Records of the Irish Reproductive Loan Fund are now available online.
Brian Donovan, Head of Irish Data and Business Development for Findmypast says: “The Irish Reproductive Loan Fund was a privately funded micro credit scheme set up in 1824 to provide small loans to the ‘industrious poor’ – those most affected by poverty and famine.
“This collection of almost 700,000 records, which span the period of the Irish Potato Famine, provides unique insight into the lives of those living in Ireland during one of the darkest periods in its history. The handwritten ledgers and account books reveal the changing fortunes of Irish ancestors and their subsequent movements in Ireland and across the world. Now anyone can go online and research individuals and families to find out more about where they lived, their financial situation, their social status and more besides.”
“These incredibly important records provide an exceptional insight into the lives of the poor across the west of Ireland from Sligo down to Cork. The people recorded are precisely those who were most likely to suffer the worst of the Famine or be forced to emigrate.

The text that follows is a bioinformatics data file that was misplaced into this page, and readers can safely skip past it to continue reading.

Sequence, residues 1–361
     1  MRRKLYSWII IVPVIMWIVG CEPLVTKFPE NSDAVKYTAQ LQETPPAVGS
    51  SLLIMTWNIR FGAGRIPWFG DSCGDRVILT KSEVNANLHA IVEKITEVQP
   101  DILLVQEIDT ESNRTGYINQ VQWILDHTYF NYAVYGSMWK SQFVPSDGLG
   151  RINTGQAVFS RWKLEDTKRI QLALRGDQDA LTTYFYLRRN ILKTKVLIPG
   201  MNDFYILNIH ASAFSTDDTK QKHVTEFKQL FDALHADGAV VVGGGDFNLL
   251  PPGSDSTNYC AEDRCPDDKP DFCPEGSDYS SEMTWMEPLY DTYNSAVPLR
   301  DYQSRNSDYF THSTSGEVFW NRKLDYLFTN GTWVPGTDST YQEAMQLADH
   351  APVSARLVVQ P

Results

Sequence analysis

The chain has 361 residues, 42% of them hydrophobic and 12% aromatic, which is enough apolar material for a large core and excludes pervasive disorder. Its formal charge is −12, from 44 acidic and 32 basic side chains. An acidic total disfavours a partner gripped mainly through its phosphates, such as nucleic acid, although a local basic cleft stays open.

“These remarkable records allow us to chart what happened to 690,000 people like this from the 1820s to the 1850s, giving a glimpse of their often heart-breaking accounts of survival and destitution, misery and starvation. We are very lucky to be able to tell their stories.”
Caroline Kimbell, Head of Licensing at The National Archives in London says: “This collection is one of very few about individual Irish families from the 19th century held at Kew. We are grateful to Findmypast for bringing these remarkable testaments to light.”